The Daily Clintonian from Clinton, Indiana on December 12, 1944 · Page 1
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December 12, 1944

The Daily Clintonian from Clinton, Indiana · Page 1

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Tuesday, December 12, 1944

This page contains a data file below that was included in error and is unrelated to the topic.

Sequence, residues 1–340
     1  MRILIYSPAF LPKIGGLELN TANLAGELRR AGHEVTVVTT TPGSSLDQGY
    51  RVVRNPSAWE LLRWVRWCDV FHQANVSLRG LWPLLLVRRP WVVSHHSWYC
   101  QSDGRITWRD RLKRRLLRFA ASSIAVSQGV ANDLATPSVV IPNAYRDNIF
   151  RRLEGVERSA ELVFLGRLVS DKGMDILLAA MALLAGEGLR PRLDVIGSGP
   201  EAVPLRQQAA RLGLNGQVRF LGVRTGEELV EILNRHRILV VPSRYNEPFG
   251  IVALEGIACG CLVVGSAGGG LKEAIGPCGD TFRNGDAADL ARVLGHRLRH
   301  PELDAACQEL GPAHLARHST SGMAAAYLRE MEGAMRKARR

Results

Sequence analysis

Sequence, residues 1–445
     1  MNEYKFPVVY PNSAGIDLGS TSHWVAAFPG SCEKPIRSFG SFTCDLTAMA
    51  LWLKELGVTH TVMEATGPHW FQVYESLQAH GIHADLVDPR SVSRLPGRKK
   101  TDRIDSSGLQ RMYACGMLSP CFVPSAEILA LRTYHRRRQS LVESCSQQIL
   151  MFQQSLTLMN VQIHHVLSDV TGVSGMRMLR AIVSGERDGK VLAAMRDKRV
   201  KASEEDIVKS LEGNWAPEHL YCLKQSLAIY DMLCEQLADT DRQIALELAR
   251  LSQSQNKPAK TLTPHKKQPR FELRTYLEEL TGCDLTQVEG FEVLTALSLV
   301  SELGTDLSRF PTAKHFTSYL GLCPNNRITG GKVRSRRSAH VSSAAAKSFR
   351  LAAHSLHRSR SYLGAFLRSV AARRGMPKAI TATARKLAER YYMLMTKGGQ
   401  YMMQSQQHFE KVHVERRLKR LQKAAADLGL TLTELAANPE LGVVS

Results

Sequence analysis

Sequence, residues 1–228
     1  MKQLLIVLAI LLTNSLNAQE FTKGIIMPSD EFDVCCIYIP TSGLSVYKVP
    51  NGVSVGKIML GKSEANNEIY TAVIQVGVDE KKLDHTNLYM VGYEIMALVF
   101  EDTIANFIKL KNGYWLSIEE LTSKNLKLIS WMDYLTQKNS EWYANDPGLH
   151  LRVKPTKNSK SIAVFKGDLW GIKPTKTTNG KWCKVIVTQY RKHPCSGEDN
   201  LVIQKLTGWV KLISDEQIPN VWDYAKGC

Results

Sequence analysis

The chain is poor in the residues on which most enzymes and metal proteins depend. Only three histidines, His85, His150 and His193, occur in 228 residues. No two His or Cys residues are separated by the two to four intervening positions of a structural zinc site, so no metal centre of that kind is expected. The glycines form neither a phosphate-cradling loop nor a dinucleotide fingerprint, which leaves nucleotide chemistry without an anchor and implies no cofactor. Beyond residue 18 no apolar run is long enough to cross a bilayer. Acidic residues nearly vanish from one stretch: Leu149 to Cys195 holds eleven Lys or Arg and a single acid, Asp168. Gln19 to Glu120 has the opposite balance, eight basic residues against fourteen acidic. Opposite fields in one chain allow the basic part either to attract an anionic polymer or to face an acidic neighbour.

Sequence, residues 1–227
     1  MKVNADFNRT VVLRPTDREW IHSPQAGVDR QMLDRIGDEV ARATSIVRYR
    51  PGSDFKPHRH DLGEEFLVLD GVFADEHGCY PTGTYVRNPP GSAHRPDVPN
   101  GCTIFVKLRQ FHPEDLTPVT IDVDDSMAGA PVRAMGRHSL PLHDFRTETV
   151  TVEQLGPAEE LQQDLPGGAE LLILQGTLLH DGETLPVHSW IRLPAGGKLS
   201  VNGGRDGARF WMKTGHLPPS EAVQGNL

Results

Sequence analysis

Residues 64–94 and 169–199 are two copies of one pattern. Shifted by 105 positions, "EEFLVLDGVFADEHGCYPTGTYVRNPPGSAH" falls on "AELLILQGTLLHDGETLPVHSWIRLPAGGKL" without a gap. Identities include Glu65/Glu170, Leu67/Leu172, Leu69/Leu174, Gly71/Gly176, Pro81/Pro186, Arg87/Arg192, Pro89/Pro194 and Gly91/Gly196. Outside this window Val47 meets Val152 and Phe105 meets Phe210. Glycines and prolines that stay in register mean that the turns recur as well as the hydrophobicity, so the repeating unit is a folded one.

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THE DAILY CLINTONIAN The Home Newspaper Of Vermillion And Parke Countief Mailed In Conformity With P. 0. D. Order No 19687 THE WEATHER Cloudy today and fair tonight and Wednesday. Colder today and tonight Willi lowest about 10 degrees above. Volume 32 Number 241. CLINTON, INDIANA, TUESDAY, DECEMBER 12, 1944. Price Three Cents. wirw 15 j fo) mmrM 0) nfpifp 5mi YANK GENERAL BECOMES PRIVATE Soviets Battle Germans Inside Hodges First Army Crashes to Banks of Roer to Pace Massed American Advance into Reich x 4. Stettinius, 5 Appointees At Senate Hearing Open Hearing Held on New State Department Set-Up ; Grew, M'Leish Questioned By Senators' Committee WASHINGTON, D. C. Secretary of State Edward R. Stettinius and his "team" of five newly-nominated assistants went to bat in self-defense Japs Speed Civilian Evacuation Of Tokyo as Fear of B-29 Raids Mounts A sudden speed-up in (he evacuation of Tokyo, originally ordered last summer in fear of American bombing attacks, was reported by Or- r r v J (Hi man propaganda agencies today. While Japanese broadcasts themselves reported four new "incursions' by B-29 SuperfortreBses ever the capital in the course of which incendiary bombs were dropped "in two or three places," llerlin raid that Tokyo's municipal authorities had ordered immediate evacuation of Borne 20,000 IN A BARRACKS ROOM AT METZ Major General Iroy Irwin ot Wash-ijifiton. D C, commantler ol the U. S. 5th Infantry Division, stands (foreground) at stiff attention with his ellow squad-members of the French Army's 30lb Battalion, Chasseurs de Pied ("Blue Devils"). Elected an honoimy member of the ''Devils" because of his part In the liberation of Melz. Gen. Irwin will henceforth be "on leave" from the outfit and a bunk reserved for him from now on. (International) Yanks Annihilate Japs Holding Out In Leyte Garrisons South Yamashita Line Is Trapped Between 2 Yank Columns; Air War Rages GEN. MACARTHUR'S HEADQUARTERS, Philippines. Veteran Dousliboya of the fighting 77th Division were pressing forward today in the battle of annihilation against Japanese in the Ormoe area on western Leyte. Gen. Douglas MaeArthur announ New Draft Orders 'Freeze' Workers; Hoosiers Warned Stick to War Jobs INDIANAPOLIS, Jud. Occupationaily-deferred Hoosiers were warned by (lie Indiana Selective Service Director, today to stick to their war jobs or face reclassification for immediate induction into the armed forces. Col. Robinson Hitchcock, the director, said that reclassification will be automatic unless workers leaving such employment first receive a de-terminaliou from their local boards that their leatng is in the best interest ol" the war effort. He was relaying instructions received from Hen. Lewis II. ilershey, director of the , : civilians. Oi!t Itv Nightfall This number, email when compared to Tokyo's population of nearly 7,000,000, must be out of the city by nightfall, the Germans said. They consist of aged and sick persons, children and pregnant women. According to broadcasts recorded at the time by the Federal Communications Commission, the Japanese began the evacuation of Tokyo last July before the current Superfortress raids developed, and tore down some crowded sections of the city to create "firebreaks" as a precautionary measure. Prepare llaid Defenses Tokyo also told of extensive air raid defense preparations, with es tablish merit of emergency rescue and fire-fighting Gonads, equipment of the general public with pumps, hos es, buckets ana sand, ana enipna- sized that persons lacking urgent business in the capital or not en gaged in defense work would be dis patched to the countryside. Coincident with the speedly evac uation of 20.000 persons, Berlin reported a serieB of drastic new measures by Tokyo municipal authorities to cope with the rfsing tempo of American aerial attack. . . Heavy Work Restrictions Workers in armament factories, transportation systems, newspapers and other essential industries were forbidden to leave their posts with-ou t speci f ic permission . and heavy (Continued on Page 5) tm School, Military Problems Aired At Educator Meet High school credits will be award - 1 Mile of Duren, ' Key to Cologne 1st Army Crashes Near Plains City, 29 Miles From Cologne; 7th, 3rd In Large-Scale Advances American troops Bprang Into violent action on all their fighting fronts in Europe today, boring deep into the solid crust of German fortifications In the Saar valley and the plains of Cologne. The United States First, Ninth, Third and Seventh armies all crashed forward, defying snow, sleet and muddy terrain to score important new advances. 12,0O0-Vartl Uain Lieut. Gen. Courtney H. Hodges First Army led the van. Under cover of a smoke screen, infantry and armored units broke loose to pile up a 2,000 yard gain which carried 'hem to within a mite of Duren and brought the Roer river under rifle, van go. The push was carried out in the race pf stubborn resistance and fol lowed an earlier thrust to the Roer northeast of Brandenberg. Gen. Hodges obviously was bringing his troops into position for an encircling movement against Duren, a town of more than 40,000 population which remains the chief obstacle on the road to Cologne. Tanks Aid Infantry ;i Infantrymen supported by tanks slogged their way over deep mud and through a blanket of sleet and (Continued on Page 2) Vermillion County May Fall Short On E Bond Purchases Redoubled efforts to top the Individual bond sales quota for Vermillion County were urged today by Mrs. Delia S. Swfnehart following reeefpt of a telegram from Eugene ('. Pulliam, Indiana bond Bales chairman. Although Indiana corporations have exceeded their quota, sales to individuals are (46,000,00 short, Mr. Pulliam said, warning that Indiana faces the possibility of falling below the sales quota. The state had passed the two hun-t dred million dollar mark in the Sixth War Loan Drive today as Hoosiers boosted the state more than $11,000,000 nearer its goal in Monday war bond purchases, Pulliam announced. However, he pointed out that nearly $39,000,000 remains to be loaned for the Btale to reach Its $239,000,000 quota by the time the drive ends Saturday. "This drive will not be over for any Hoosier until he has answered his own conscience in investment of fight-to-the-finlsh dollars," Pulliam Baid. The final week of Vermillion County's Sixth War Loan findi the E-bonds sales lagging, Mrs. Swine- hart said today, adding that all persons Intending to buy the individual bonds must do bo this week to count toward the quota. The drive ends Dec. 16. All payroll deductions and sale of F and G bonds through Dec. $1 count toward the quota, Mrs, Swlne-uurt added. C. M. St. Paul and Pacific Railroad allotment of $44,000, Standard Oil Company and G. C. Murphy Com-j pany $2,000 each helped to booat the quota to $506,300, she said. Other allocations: C. E. & I. Railroad. $25,000; Nickel Pate R. R.. $20,000; B. & O. R. R., $15,00; Federal Land Bank, Louisville, Ky., $2,000. Yanks Within Budapest Gates Hand-to Hand Fighting In City as Tanks, Artillery Blast Way Into Capital; Drive in From 3 Sides MOSCOW, Russia. Savane liand-to-hand fightiiiK between Russians and Germans raped today In the oulskirls of Budapest where front line dispatches announced that So-( vlet tanks and artillery had blasted their way into the city despite desperate resistance by the Wehrmaclit. (The German DNB agency admitted that Soviet shells are falling In ! city districts of Budapest. (The Nazi Transocean agency, according to the FCC, said metropoll-. tan Budapest had been under Kus- sian artillery bombardment for 30 hours.) I Reports from the front revealed I that the seasoned veterans of Mar shal Rodion Y. Mallnovsky's second I'krainian army were advancing into the capital house by house and street by street. Earlier dispatches from the front presaged the break-through into the outskirts of the Hungarian capital when reports told of a Red army advance on Uj-I'est, only two miles north of the .city. i Continued on pace 6) . Strengthened Elas Forces Seize Hall, Streets in Athens Reinforced Left Wingers Carve New Gains in Civil War; Planes Strafe Area ATHENS, Greece. Heavily re. inforced, Greek left wing militiamen I today reoccupied the Athens city hall and adjacent streets after hav ing been ejected during the night by British armed forces. ' Violence continued in widespread areas of Athens and the situation throughout Greece was officially described as "uneasy," British forces under Lieut. Gen. Ronald M. Scobie have been reinforced, but the Elas militiamen continue to grow in numbers and there is no sign of any slackening of their resistance. Field Marshal Sir-Harold R. L. G. Alexander, Allied commander-in-chief in the Mideterranean, paid a personal visit to Athens and conferred with Gen. Scobie on measures to be taken in the emergency. Large additional British reinforcc-i ments are expected shortly. The British are making new tactical dispositions with a view to establishing a perimeter north of the British-held center of the town and the cleared area of the eastern sub-! urbs. British base installations are (Continued on Page 6) Accident Injuries Prove Fatal To Lyford Resident Mrs. Mattie Manklns, 66, of Ly ford, died at the Vermillion County Hospital at 4:45 p. m. Monday as the result of injuries ustained in an automobile accident of Oct. 31. The accident In which Mrs. Man' kins was fatally hurt occured between Clinton and Lyford. She bub tained lacerations about the face and a fractured right knee, and was taken immediately to the Vermillion County Hospital where she remained until her death yesterday. Surviving are one sister, Mrs. Kate Wilkinson; three half sisters, Mrs. Bertha Smith. Clinton; Mrs. Ida Burbeck, Lyford; and Mrs. Mary Simpson, Gary; five half brothers IT Innno Vnrt ti Torro U-iiitu- James Jones, Lyford; Edward Jones. Lyford. Harry Jones, Rockville; and Charles Jones, North Terre Haute; a step mother, Mrs. Ida Jones of .Lyford, and five grandchildren. The body was taken to the Frist Funeral Home and will remain there for funeral services at 2 p. ni. Thurs- day. Rev. Hugh Van Lieu will conduct the services and burial will be In the Riverside Cemetery. Clinton Man Pleads Guilty In Federal Theft Charge John A. Varda. Clinton, pleaded guilty Saturday, Dec. 9 in Federal Court at Indianapolis to a charge of theft at the Terre Haute ordnance plant. Federal Judge Robert C. Baltzell deferred the sentence imposed upon Varda to permit further investigation by the probation officer. ed for certain types of military fore its fall was of the most despr-work, principals of four counties ute character, the entire defending, learned last night In a meeting at garrison being destroyed," MacAr- today before a critical senate for eign relations committee which produced many questions but little fireworks. The hearing, called because of widespread senate protests against some of the nominees, disappointed a crowd which packed Die senate caucus room expecting to hear a fight. But it produced these developments: ' Dodmia Oil, Hci'iip HhiuiiieiiU J. Joseph C. Crew, former IT. S. ambassador to Japan picked by President Roosevelt to be Stettinius' undersecretary, declared that whether Emperor Hirohito Is to remain on the Jap throne should not be decid ed until the Allies take Tokyo. Grew defended the shipment of oil and scrap iron to Japan before the war. 2. Archibald MacLeish, former librarian of congress named to be in charge of public and cultural relations for the State Department, declared he is "strongly against com-muism." He reaffirmed his Btand that the Spanish civil war was a Fascist and Nazi attack on liberalism, not war between communism i and fascism. JjpiHl-IeaKo Question Blocked 3. An attempt to question Stetlin-lus on whether lend-lease arms are being used against our Allies was blocked. Sen. (Juffey (D) Pa., wanted to know if the British were following this policy against the Ethiopians. 4. Will Clayton, who alone was not offered for questioning today, disclosed in statements tlu-ft he and his family own approximately 40 per cent of Anderson, Clayton and Co., Houston, Te. cottom firm with assets of over 50 million dollars. Clayton, who will be questioned tomor-j f Continued on Pace 2) Vast Improvements Noted in Inspection Of County Home Many large city hotels might envy the appearance and cleanliness of the Vermillion County Home today, members of the county council, county officers and other guesls found yesterday on an inspection tour following a dinner served at the home. Under the guidance of the home superintendent, Veru Alderson, and Mrs. Alderson, a vast amount of improvement work is now being completed. The most striking improvement has been to the floors and walls. The former have been sanded and waxed and the latter painted or papered. Floors in some sections of the home will probably be replaced. It was clearly evident that most of the 33 Inmates Join Mr. and Mrs. Alderson in their pride in the redecorated home for all of them who are physically able, had a part In the work. In fact, there seems to be a sort of "school spirit" among the old folks. Good use was made of the crops produced on the farm this summer. Nearly 600 gallons of fruits and vegetables were canned, together with 67 gallons of Jellies and two barrels of sauer kraut. Guests at the dinner yesterday were: Fred Porter. Dan Hicks. U. T. McCarty. Paul Sager, James Sanders, James Myers and Vernon Cluder. all members of t lie county : council; Circuit Judge Everett A. Davisson. County Auditor Ira 13. Church. County Clerk Carl R. lliggs. Deputy Auditor Homer Fox, County Superintendent Fred Hayes. County Attorney H. H. Wisehart and George L. Carey of Clinton. County Clerks Turn in Data I To Aid Election Probes I INDIANAPOLIS, Ind. Inves-, tigators of the Green Senate Election I Probe Committee today aigesiea data concerning tne jov. geuei.ii election submitted at their request by Indiana county clerks. The probers asked totals of registration of both 1940 and 1944. certificates of error issued, war ballots received from the Secretary of State, war ballots mailed to applicants, war ballots received by county clerks, number sent to each precinct and similar Information concerning civilian absentee ballots. Senators James Stewart (1)1 of Tennessee and Joseph H. Hall 1 1! : of Minnesota will hold a public li ar-tng on allegations of vote fraud in JndianapolU next ilouday. i Office of War Mobilization and He-conversion. Trgenl Need for Men Col. Hitchcock pointed out the continuous urgent need for combat replacements in the European and Pacific theatres of war and a "most ! critical" shortage of workers in war activities. ! Essential industries in the Indiana j area face a minimum shortage of 9.200 workers at the present mo-j ment with iubor shortages growing i more acute daily as war industries ' strive to keep pace with production schedules, P. li. Deming, Indianapolis area director of the War Manpower Commission, asserted today. Swift lioosier Action Deniing's statement came as Indiana Selective Service officials went into swift action to carry out tiio government's "work or fight" di-I recti ve. In telegrams dispatched to all In diana local boards yesterday, Col. Hitchcock ordered the reclassification of all occdpationally-deferred registrants who leave employment for which they have been deferred without first securing a "determination" from tile local board that their leaving is in the best interest of the war effort. Immediate Iteelassifleiition Such men, he said, would be reclassified into a group immediately available for military Bervice. The (Continued on Page 2) We're Sorry . . . Because of unavoidable diffi culties, your copy of the Dailj Clintonian is late tonight. While preparing the press for today's printing several pieces of the machinery were accidentally broken, necessitating extensive welding and repair work which caused us to be several hours late. t I ! ' j Newport when the state education department's new program of com- bining military and high school work was partially outlined. . . Principals of Vermillion, Parke, Fountain and Warren counties, including E. C. Boyd, superintendent of Clinton city schools, were present at the Newport meeting, one of sectional meetings held throughout the state. L. J. Freeman, principal of (be Crawfordsville High School, was in charge of the Newport discussions. The state education department plans to allow high school credits for educational training in the army which is equivalent to that taken in high schools. A limit of four credits has been set with the credits being allowed in the physical education and possibly in social studies departments. The questions of high school credits for basic and boot training and credits for courses taken through the United States Armed Forces Institution and the Army Specialized Training Reserve was also discussed, j I ced new American gains in tiie bat tle for Leyte and revealed thai the, southern segment of the Jap'B Ya-1 mashita line has been "eliminated" and the Seventh and the 77th Divisions which converged on the vital Port of Orinoc have made a junction. Destroy TrappM 4luniin Enemy forces caught between the two advancing American columns were destroyed, MacArthur's communique reported, and with complete conquest of the town of Ormoe, the Americans are free to press northward against remaining Japanese forces which stalemated the Leyte campaign with their stubborn defense at the head of the Ormoc valley. Seizure of the town, Itself, which was reported in a previous communique, was marked by the bitterest fighting and ended only with the annihilation of Jap defenders. ' J ne 'Wling in ormoc itself be- Iur reporiea. FoNowk New Landings T,lR 77,h Division, known as New York's "Statute of Liberty" Division. was cerdited with the seizure of the Japs last major Leyte stronghold after the Americans made a durinp amphibious landing south of the (Continued on I'age 2) . Sugar Shortage Cancels Stamo No. 37, OPA Says The issuance of canning sugar on applications based on Stamp No. 37 in Ration Book No. 4 ended as of last Saturday, December 9, at midnight. Stamp No. 37 is now Invalid. Canning sugar can still be obtained with stamp No. 40 in Book No. 4: This announce ment Is made by Paul H. Moore, Indiana District Food Rationing Officer. Mr. Moore R.Tys he has been advised by Washington that the cancellation of stamp No. 37 is due to an acute sugar shortage and that the shortage is caused by difficulties In transportation and by a manpower shortage. vior, efficiency, and fidelity at an Air Service Command Depot In England. Prior to his enlistment In the Bervice, Hardesty was employed by the Rider Radio Plant at Monticel-lo, Ind. U.S.A. Mr. and Mrs. Elmer McCarty have received word that their son. Pvt. Elmer McCarty, Jr. has arrived safely in England. Pvt. McCarty went into the service In April, 1944 and is now in the Seventh A. T. li. U.S. A AS Harold Elson Conner is now stationed at tireat Lakes. 111. His address is Co. 2150, Great Lakes Naval Training Center, Great Lakes, 111. U.S.A. Mr. and Mrs. James Henry, Jr. of 1102 South Fifth street have received word that their son, Cpl. Fred H. Henry with the Army Air (Continued ou rage 2) I I ' i ; Lt. G. H. Stevenson Awarded Air Medal For B-24 Missions AN EIGHTH AIR FORCE LIBERATOR STATION, England. First Lieutenant George H. Stevenson, Jr., son of George H. Stevenson, Sr., of 458 Elm Street, Clinton, Indiana, a navigator of a B-24 Liberator, has been awarded the Air Medal. The presentation was made by his group commander. Col. Troy W. Crawford, of Kl Paso, Texas. The citation read: "For meritorious achievement In accomplishing with distinction aerial operation missions over enemy occupied Continental Europe. The courage, coolness, and skill displayed by him In the face of determined opposition materially aided in the successful completion of these missions. His ac-(Cnntlnuen on page 6) Mrs. Mary Walt Dies at Clinton Residence Tuesday Mrs Tenth 5:30 ; weeks Mary Watt, Street, died . m. today illness. 77, of 126 North at tier home at following a five She was born In Scotland and has made her home in this vicinity for 3 3 vpa rs Mrs. Watt is survived by. .two sons, William Jr., Detroit, and Alexander of Detroit, two daughters, Mrs. Anna Russell, Detroit, and Miss Jean Walt at home, three grandchildren and two great grandchildren. She also has a sister and two brothers living in Scotland. The body was taken to the Frist Funeral Home pending completion of funeral arrangements. en until 8 p. n Thursday nights ., Wednesday and and will close at 9 p. Kriday and Saturday nights. No dinner meeting will be held this month since the regular date falls on Christmas day. Clinton's greatest need at the present time is a market for farm ers' products and stores supplying ! m-eded farm supplies, Cuy Biiggs told the members. One of these handicaps may soon be met through the establishment of a grain elevator here. A meeting with the grain dealer interested in rebuilding the burned Cook elevator will be arranged in the near future. Activities of the newly formed Citizens Advisory Council for returned war veterans are now being plan- ned. Lee Hain reported and he warn-j ed that the work will require some financial support from the j i NEWS OF LOCAL MEN IN SERVICE The Clintonian welcomes any news of relatives or friend) in the armed Rprvices fof this column PHONE 32 Commerce Club Directors Named; Holiday Shopping Hours Are Set An almost completely new board; of directors will guide the destinies of the Clinton Commercial Club through the coining year as a result of the annual election held last night. Of the nine members composing the board, only three were re- eiPCte(1 n, w members are: Joe Giacoletto Harold Mills. Max Rosenblatt, Mike Rendaci. Elmer Nolan and Jack Scott. Members re-elected were: Raymond Medluek, Wakefield Ger-rish and Ixiuis Lane. Mr. Medlock lias served as president of the group since It was re-organized. Executive officers will be elected at the organization meeting of the board of directors to be held in the near future. Practically all stores owned by members of the group will begin re maining open for the convenience of Christmas shoppers Wednesday. I)(-c. 20, il was decided. They will be op- ; vt. Charles Kennedy, son of Mr. and Mrs. A. V. Kennedy of Clinton, has completed training and has been graduated from Chanute Field, 111. While attending this Army Air For ces Training Command school, he received instruction in the Klectron-ics Course, and in various technical operations vital to the maintenance of the couniry'g fighting planes. I'.S.A Marine Private First Class Rus sell P. Stickle of route two, Clinton. recently was graduated from the automotive mechanics- course of the motor transport school at the Marine Corps Base. San Diego, Calif, and was promoted to his present rank from private upon completion of the course. I'.S.A SSgt. Walter J. Hardesty. son of Mrs. Marian R. Hardesty of Hillsdale, was recently awarded the Cood Conduct Medal for exemplary beha &DAYS CHRISTAAAjlV i